I’ve been getting into memoirs lately. Like Small Fry by Lisa Brennan-Jobs, the daughter of Steve Jobs, about the difficult relationship with her father. Or Educated by Tara Westover who grew up in a strict Mormon family and, at age 17, discovered the transformative power of education before eventually completing a PhD. And, of course, Becoming by Michelle Obama. All highly recommended.
A nice genre, I think, that effortlessly takes you to an unknown world. And often easier to get through than an autobiography. I also recently read Uncanny Valley by Anna Wiener, about the time she worked in Silicon Valley.
In her mid-20s, Wiener quit her job at a publishing house in New York and moved to San Francisco. Off to the world of disruption, of "move fast and break things", of ‘‘men who said K instead of thousand".
Through her rather naive lens we get to know the startup culture. First she worked at an ebook startup, then at a data analysis company, and finally at GitHub (a company that provides hosting for software development version control).
But she doesn’t mention any company by name. She calls Facebook "the social network that everyone hated". GitHub manages "a public platform with millions of open-source software projects, which anyone could contribute to or download for free". She was probably bound by non-disclosure agreements, but it also makes her book more timeless.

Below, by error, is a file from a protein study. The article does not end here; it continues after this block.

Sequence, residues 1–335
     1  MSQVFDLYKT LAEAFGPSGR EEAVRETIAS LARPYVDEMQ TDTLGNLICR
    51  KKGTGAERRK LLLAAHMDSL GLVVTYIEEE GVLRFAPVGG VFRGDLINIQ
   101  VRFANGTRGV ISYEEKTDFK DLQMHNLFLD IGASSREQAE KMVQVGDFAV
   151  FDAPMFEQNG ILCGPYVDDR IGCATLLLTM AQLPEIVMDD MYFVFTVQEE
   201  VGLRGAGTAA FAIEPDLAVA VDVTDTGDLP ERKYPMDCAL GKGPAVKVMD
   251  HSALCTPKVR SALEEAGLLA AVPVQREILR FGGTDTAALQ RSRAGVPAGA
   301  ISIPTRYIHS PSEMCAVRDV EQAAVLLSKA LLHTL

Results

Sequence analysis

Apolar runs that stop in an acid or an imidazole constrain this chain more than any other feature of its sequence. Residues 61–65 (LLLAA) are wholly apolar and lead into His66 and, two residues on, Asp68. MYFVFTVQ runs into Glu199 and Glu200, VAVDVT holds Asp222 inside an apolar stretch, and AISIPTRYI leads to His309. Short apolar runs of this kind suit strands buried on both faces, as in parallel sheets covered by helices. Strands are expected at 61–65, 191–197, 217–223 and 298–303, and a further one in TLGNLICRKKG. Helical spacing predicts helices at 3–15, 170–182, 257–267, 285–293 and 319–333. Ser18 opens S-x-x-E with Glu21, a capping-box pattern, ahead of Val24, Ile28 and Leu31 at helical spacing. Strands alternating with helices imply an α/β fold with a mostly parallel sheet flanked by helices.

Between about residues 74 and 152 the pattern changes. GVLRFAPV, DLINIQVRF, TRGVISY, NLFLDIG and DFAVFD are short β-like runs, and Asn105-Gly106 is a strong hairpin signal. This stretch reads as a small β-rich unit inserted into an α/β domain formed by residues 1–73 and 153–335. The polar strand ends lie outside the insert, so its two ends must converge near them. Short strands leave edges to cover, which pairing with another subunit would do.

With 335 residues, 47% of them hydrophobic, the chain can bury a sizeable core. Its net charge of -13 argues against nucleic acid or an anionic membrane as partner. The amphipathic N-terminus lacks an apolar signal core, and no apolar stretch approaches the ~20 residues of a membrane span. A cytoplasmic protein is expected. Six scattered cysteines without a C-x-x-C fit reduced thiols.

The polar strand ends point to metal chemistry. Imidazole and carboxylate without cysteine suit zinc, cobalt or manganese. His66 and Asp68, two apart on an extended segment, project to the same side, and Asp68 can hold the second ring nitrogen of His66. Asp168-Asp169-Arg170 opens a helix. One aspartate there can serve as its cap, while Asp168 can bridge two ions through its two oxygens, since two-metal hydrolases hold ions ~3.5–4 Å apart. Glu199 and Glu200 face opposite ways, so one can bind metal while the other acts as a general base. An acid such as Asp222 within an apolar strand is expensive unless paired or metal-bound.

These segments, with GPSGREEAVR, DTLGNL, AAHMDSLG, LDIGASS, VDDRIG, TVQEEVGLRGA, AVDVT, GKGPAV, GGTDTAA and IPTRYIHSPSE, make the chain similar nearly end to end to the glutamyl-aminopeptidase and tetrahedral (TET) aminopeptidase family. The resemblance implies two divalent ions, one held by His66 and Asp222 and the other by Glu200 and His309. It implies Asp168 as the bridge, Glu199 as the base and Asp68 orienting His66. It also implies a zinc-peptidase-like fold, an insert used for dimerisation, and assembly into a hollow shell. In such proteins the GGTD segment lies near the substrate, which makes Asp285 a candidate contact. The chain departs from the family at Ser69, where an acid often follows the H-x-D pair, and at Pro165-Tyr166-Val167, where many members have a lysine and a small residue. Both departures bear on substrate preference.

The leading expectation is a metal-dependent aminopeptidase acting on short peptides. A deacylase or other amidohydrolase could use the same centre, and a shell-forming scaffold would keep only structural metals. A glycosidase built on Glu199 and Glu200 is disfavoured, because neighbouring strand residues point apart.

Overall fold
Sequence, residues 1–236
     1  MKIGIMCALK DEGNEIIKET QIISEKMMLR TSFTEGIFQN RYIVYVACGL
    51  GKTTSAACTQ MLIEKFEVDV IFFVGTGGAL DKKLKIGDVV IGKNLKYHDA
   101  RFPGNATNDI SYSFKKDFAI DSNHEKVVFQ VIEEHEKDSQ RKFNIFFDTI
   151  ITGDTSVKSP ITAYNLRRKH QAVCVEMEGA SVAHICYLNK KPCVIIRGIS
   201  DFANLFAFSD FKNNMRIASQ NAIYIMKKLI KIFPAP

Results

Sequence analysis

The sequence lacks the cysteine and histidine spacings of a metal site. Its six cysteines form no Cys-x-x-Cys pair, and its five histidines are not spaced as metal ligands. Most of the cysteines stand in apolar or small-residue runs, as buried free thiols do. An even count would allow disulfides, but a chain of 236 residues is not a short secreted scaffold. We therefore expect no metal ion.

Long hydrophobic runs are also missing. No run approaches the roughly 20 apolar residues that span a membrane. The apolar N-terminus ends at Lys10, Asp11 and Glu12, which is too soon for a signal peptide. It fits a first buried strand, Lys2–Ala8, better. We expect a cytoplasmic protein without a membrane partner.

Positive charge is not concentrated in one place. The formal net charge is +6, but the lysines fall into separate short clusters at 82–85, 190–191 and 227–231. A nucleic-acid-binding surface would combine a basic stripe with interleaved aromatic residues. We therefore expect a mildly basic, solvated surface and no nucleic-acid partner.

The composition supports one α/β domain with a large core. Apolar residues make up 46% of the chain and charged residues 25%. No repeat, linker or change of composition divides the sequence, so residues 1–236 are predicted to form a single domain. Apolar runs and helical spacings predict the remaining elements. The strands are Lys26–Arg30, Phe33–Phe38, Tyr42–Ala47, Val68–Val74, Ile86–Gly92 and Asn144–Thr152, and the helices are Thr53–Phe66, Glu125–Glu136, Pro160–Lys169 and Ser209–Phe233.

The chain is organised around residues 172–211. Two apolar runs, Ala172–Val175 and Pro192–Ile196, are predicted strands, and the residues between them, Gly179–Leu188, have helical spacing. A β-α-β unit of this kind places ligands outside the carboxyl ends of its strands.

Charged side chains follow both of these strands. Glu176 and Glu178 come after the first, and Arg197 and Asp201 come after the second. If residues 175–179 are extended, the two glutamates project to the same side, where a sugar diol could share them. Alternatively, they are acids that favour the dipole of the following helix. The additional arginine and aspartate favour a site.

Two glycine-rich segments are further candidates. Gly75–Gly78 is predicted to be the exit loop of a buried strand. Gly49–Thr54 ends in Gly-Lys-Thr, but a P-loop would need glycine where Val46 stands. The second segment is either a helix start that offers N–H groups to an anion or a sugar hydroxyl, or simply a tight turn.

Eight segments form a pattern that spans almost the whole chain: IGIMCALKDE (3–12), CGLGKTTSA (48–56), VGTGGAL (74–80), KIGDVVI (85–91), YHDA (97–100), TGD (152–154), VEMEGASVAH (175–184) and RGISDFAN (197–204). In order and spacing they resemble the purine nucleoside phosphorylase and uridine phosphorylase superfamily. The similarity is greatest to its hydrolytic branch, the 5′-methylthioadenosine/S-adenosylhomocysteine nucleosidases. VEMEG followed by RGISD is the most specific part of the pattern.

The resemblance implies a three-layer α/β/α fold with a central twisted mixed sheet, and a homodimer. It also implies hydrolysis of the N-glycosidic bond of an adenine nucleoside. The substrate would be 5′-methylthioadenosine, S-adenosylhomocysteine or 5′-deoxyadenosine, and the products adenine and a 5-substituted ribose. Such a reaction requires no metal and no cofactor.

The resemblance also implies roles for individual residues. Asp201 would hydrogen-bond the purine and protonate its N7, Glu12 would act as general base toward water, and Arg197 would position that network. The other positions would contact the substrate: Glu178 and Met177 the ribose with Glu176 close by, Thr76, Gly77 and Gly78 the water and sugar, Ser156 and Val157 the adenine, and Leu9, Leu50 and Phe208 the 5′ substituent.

Whatever the case, Wiener has a fine pen and touches on all the major themes surrounding tech – albeit sometimes briefly. Privacy, content moderation, addiction, surveillance, efficiency, sexism, young billionaires ... She does not come up with solutions but shines a light on the problems.
The whole time she’s part of the world she admires and hates at the same time, where she both belongs and is looked down upon as a non-engineer. In the end, the book leaves you with an unpleasant feeling: are these millennials really the people who dominate our world?
If you’d like a taster before diving into the book: Wiener previously published this essay in N+1 magazine , which she eventually turned into her memoir. Do you have a nice recommendation for a memoir? Don’t hesitate to pass it on to me!
Before you go...
...the Italian translation of my book is available in stores now: Il più grande bestseller di tutti i tempi (con questo titolo). Sounds very chic, I think.